Rich Eisen: 'AFC North is Ravens' Division to Lose'
With the new-look Cleveland Browns garnering attention this offseason as the perceived favorites in the AFC North, there's been plenty of bulletin board material available for the Ravens.
But count NFL Network's Rich Eisen as a believer.
Eisen said he's high on the Ravens heading into the 2019 season, and still believes they're the team to beat in the division.
"I think the AFC North is the Ravens' division to lose," Eisen said on "The Rich Eisen Show."
When asked if he trusts Jackson and the Ravens' passing offense this season, Eisen remained confident.
"The whole doubting Jackson thing, I'm over it, I'm tired of it," Eisen said. "... They reconfigured their offense on the fly last year and made the playoffs.… I think [Jackson is] going to absolutely improve throwing the football. I think the offense is going to be tight end and running back heavy with now [Marquise] 'Hollywood' Brown taking the top of the defense off."
Jackson reported to training camp Friday with the rest of the quarterbacks and injured veterans as he prepares for his first offseason as the unquestioned starter under center.
Along with Eisen, USA Today's Doug Farrar is also optimistic about the Ravens. Baltimore landed at No. 9 in Farrar's training camp power rankings, ahead of the Browns (13), Steelers (19) and Bengals (27).
"The only questions about Baltimore is how things will work out when Lamar Jackson needs to throw the ball at a high-volume rate, and how the coaching staff will handle a defensive exodus in free agency," Farrar wrote. "... This is still a top-three secondary, and could be even more if [Earl] Thomas stays healthy, but it'll take some kind of coaching to make up for the defensive losses, and to bring Jackson forward in advancement to the point where he's ready for the 'crux of the biscuit' moment when it comes."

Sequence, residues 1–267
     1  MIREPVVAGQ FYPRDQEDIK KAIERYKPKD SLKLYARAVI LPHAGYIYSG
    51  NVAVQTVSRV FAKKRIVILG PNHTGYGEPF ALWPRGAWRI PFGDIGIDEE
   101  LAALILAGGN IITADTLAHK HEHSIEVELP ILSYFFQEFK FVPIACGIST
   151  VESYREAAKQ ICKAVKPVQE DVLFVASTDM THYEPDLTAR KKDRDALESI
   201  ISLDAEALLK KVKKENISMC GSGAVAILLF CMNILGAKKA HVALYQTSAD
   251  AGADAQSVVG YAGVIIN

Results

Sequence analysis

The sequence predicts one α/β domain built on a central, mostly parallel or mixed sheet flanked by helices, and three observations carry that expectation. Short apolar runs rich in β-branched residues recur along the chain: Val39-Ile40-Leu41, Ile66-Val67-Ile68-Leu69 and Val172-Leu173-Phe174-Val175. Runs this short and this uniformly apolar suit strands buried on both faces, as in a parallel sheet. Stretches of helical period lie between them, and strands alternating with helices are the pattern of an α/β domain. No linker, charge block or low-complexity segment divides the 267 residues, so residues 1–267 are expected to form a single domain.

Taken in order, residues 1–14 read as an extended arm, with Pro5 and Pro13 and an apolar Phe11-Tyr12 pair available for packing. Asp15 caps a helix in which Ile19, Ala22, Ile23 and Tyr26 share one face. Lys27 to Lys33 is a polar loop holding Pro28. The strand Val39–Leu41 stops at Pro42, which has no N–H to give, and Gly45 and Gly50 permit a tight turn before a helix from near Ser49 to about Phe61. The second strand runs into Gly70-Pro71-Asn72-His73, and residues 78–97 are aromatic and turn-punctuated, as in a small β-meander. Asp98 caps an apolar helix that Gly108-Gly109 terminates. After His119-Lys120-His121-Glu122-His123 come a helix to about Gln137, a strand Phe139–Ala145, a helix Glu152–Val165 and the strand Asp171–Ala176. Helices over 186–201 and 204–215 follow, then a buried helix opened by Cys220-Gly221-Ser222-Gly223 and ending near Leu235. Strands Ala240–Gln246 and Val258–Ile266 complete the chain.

Yet, the Browns were predicted by Bleacher Report's NFL experts to win the AFC North this season. Cleveland received seven of eight possible votes, while the Steelers earned the lone remaining vote.
The reigning division champs didn't receive a single vote. However, BR's Connor Rodgers backed his support for the Ravens on the "Stick to Football" Podcast and still sees them at the top of the division.
Rodgers pointed to the help Jackson will have around him on both sides of the ball.
"I'm still a believer in this team," Rodgers said. "... I like Baltimore. I think they have the best secondary in football. … They're very, very deep at corner. Their safety tandem of Tony Jefferson and Earl Thomas can take away the football. Yet, we have to see growth from Jackson as a passer. They can't just run the football every single play. I think Brown, if he can stay healthy, can really help out there, not just as a receiver, but once again clearing out space for the run game.
"I think the Ravens are going to win this division at 11-5. I still like the core they have and the experience the coaching staff has in Baltimore."
Most Interesting Training Camp Battles to Watch
With the Ravens' first training camp practice set for Thursday, The Baltimore Sun's Jonas Shaffer outlined the four most interesting position battles to watch over the next few weeks.
Offensive line continuity has been highlighted this offseason, but left guard is "the most wide open" of any position battle, according to Shaffer.
"[James] Hurst has valuable starting experience across the line and, assuming his nerve root issue is no longer limiting, should be stronger physically," Shaffer wrote. "[Jermaine] Eluemunor took first-team repetitions in minicamp and could raise his game with a better-conditioned body. [Ben] Powers is physical and smart but must prove himself in run sets. [Alex] Lewis' ability, meanwhile, is a question mark after he missed the Ravens' offseason practices while rehabilitating a shoulder surgery."